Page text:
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Meet The People: Caleb Boyles, Artist + Pride Collaborator

By Alyssa Shapiro

Caleb Boyles is an illustrator and one of the artists who collaborated with Youth To The People to celebrate Pride this year. Boyles grew up in North Carolina, and before coming out turned to creative pursuits as a safe outlet. He studied illustration at the selective Savannah College of Art and Design.

Who are you and what do you stand for?

I am a gay Southern illustrator currently living in Los Angeles, California. It can be hard to find yourself when growing up somewhere that does not have the same values in life as you; I hope to inspire other queer people living in small rural towns to feel as if they can achieve their goals and be themselves. 

What are your pronouns? 

My pronouns are he/him.

Why do you feel it’s important to make your voice heard?

I do not think my voice is necessarily important; however, I do feel like it is important to hear all queer people’s stories who may not have had the opportunity to be themselves at an early age, to help younger queer people currently afraid to be themselves know that life does get better. Collectively, all queer people who go through a similar experience of hiding themselves in the rural South make up a large part of the queer experience, and I feel as if they should be counted and celebrated in Pride celebrations as well.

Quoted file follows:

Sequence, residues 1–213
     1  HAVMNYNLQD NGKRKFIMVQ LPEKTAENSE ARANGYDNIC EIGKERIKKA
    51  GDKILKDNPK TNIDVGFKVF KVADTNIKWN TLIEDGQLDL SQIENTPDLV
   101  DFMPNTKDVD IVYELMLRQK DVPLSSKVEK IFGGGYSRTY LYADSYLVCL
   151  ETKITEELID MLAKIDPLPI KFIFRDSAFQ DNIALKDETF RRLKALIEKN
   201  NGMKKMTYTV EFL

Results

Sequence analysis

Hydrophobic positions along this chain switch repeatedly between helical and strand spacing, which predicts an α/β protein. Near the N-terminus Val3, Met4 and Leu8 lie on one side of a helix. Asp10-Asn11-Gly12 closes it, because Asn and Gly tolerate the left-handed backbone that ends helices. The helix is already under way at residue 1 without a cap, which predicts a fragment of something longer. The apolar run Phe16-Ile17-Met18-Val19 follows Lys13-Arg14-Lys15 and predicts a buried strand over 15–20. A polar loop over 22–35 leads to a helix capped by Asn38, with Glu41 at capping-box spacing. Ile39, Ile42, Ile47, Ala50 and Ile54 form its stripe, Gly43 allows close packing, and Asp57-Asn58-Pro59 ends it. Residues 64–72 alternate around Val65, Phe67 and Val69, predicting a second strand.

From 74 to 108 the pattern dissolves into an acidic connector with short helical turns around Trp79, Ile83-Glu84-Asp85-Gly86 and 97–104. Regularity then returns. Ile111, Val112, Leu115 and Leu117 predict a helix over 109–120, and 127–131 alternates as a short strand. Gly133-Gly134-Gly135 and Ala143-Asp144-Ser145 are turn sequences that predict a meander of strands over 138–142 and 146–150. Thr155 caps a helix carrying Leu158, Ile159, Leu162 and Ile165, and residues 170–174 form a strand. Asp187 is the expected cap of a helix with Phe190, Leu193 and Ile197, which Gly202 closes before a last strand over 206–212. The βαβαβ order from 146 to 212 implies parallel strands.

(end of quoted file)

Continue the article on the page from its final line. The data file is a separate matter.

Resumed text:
What is your outlet?

For most of my life, drawing has been my outlet. I love getting caught up in my own imagination to escape the real world and to help calm myself of whatever anxieties may be taking up too much space inside of my head. Even if you may not feel like you are good at drawing, something about imagining something inside of your thoughts and bringing them into the world can be very therapeutic.

Is there a moment in your memory when your perspective or idea of what Pride is changed or evolved? What happened then?

When I was in college I went to my first Pride celebration with some friends in the city we lived in at the time. It as a small Pride, but it was the first time I felt connected to the queer community in a larger way. Something about seeing a large group of queer people in the same space for the first time really opened my eyes to the community I did not know I belonged to [yet].

If you could get the world to change its collective mind about one issue, or adopt one way of being, what would it be and why?

I would love it if gender roles and expectations could be forgotten. I think collectively everyone would be much happier if we left behind societal expectations of what anyone of any gender should or should not be doing. 

Learn more about YTTP's Pride collaborators here.

Shop our With Pride kit, with 100% of profits going to GLSEN (up to $75K) here.